The “Is it ok for PR to pay bloggers” debate took an interesting turn earlier this month at EVO Conference. Actually, it didn’t really take a turn at all. From what I gather (I wasn’t there, so getting it all secondhand), one of the sessions just shined some light on an issue that has existed for a while and is not going away anytime soon.
The shining light stemmed form a presentation Aveda gave about a blogger campaign for one of their top selling products. Basically, Aveda highlighted all they were asking the bloggers to do as part of that campaign and then followed it up by saying the brand is taking a stand against monetary compensation for bloggers. Here’s a great post from a Loralee, a blogger who was at the conference and watched the discussion play out.
If you read the post and the comments that follow it or you just discuss this issue with PR folks and bloggers, a couple of things come to light:
- When people discuss the issue, they are often talking about different situations. For example, so many people hear paying bloggers and immediately generalize that into paying for a post and telling the blogger what to say. Uh, no. That’s not what most companies are doing when they enter paid relationships with bloggers. And it’s not the compensation I’ve heard most bloggers say they are looking for. The Aveda project was different because it was much more involved than one post. It was a month-long project that required “use of Twitter and Facebook, 4 blog posts and a youtube video.” Those are the kind of brand ambassador relationships many, but not all, bloggers think should require monetary compensation. As Loralee put it, “as awesome as their shampoo is, you can’t pay your grocery bill in shampoo.”
- There is no universal rule when it comes to PR paying bloggers. For instance, although it seems like Social Media Explorer’s Jason Falls is more of the opinion that PR is about earned media, he still said at BlogWorld that “there’s no right way, only a right way for you.” And emphasized that disclosure and FTC compliance has to be a piece of the puzzle. If you read Loralee’s post, you’ll see that same sentiment. Paying bloggers may work for one brand, but another. This blogger but not that blogger. Remember our conversations about influence? How about social media measurement? There is no silver bullet, people. If you want one, I hear Coors Light has a bitchin’ new cooler box.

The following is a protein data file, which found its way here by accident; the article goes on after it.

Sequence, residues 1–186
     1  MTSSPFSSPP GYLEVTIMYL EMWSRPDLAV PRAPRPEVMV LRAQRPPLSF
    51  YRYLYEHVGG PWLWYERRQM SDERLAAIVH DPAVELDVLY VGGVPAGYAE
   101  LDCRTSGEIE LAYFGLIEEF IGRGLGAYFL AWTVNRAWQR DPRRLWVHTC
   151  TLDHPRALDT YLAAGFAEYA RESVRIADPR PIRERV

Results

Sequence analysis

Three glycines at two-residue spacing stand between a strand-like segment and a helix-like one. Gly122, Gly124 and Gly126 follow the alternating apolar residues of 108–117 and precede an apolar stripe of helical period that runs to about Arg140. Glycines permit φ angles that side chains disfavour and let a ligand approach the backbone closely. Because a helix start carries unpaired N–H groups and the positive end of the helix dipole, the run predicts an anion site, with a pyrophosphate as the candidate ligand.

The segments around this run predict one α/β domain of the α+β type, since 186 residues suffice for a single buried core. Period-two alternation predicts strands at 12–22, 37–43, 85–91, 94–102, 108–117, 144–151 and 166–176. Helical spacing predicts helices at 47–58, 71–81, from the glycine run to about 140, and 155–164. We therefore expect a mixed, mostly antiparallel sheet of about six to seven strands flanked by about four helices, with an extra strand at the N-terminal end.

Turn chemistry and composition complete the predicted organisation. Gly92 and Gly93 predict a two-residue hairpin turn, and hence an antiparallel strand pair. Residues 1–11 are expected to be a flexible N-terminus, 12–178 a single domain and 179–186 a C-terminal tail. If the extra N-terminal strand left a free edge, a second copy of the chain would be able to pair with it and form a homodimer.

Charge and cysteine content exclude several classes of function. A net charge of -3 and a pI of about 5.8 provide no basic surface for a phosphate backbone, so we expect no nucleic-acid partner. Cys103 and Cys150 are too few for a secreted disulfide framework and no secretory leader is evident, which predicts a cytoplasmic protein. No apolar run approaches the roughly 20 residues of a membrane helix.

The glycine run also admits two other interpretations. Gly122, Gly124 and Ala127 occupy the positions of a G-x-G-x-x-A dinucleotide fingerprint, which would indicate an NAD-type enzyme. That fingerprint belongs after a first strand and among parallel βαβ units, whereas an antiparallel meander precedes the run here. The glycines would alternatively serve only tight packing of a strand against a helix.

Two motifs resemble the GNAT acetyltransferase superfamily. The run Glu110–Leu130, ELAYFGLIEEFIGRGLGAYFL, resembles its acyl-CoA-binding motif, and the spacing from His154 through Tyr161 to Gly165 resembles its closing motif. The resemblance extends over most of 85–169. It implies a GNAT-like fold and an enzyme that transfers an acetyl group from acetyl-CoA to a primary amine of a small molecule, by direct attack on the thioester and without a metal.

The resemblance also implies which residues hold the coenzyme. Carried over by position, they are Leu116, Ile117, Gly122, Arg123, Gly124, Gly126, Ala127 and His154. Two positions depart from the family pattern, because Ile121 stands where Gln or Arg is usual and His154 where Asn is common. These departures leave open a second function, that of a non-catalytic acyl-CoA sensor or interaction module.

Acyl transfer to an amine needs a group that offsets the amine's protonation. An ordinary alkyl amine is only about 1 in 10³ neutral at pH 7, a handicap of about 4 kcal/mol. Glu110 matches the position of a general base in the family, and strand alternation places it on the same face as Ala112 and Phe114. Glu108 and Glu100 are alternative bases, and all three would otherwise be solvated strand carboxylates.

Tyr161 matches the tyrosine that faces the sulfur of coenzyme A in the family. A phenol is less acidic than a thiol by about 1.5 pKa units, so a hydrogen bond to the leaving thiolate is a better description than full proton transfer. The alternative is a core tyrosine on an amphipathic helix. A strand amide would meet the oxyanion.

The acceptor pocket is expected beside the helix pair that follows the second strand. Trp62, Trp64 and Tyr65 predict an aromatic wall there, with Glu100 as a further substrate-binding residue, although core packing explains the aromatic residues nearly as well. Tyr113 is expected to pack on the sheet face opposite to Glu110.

This is a topic PR and bloggers need to keep discussing. And we need to stop saying that paid relationships with bloggers are never going to happen. Because let me remind you of other times PR has said never in the past:
- We said the physical newspaper would never go away. And it hasn’t….yet.
- We said we wouldn’t consider bloggers as real media. Hmm, want to rethink that one now?
- We said Facebook would never be a tool we we used for anything other than goofing off. Might have missed that one by just a bit.
- We said we would never be able to pitch effectively without automated tools that help us create huge media lists. These days that non-automated tool called your brain and its friend research are a lot more effective.
- We said executives should never be put “out there” without a PR person close by and that employees should never represent the brand unless they are in PR. Now granted, some execs still should never be out there . But many brands’ perceptions have taken a positive turn because their execs (e.g JetBlue, Dominos) and employees (e.g Best Buy, Dell) have connected directly with customers.
And now, many PR pros are saying we should never pay bloggers. But at the same time, some brands are entering paid relationships with bloggers now. And there will be PR pros who pay bloggers in the future. So let’s stop acting all high and mighty and calling this issue open and shut, or making even more sweeping generalizations like that it’s unethical.
Instead, let’s call it what it is. An evolution. One we as PR pros need to keep our eye on. Otherwise we aren’t doing our jobs.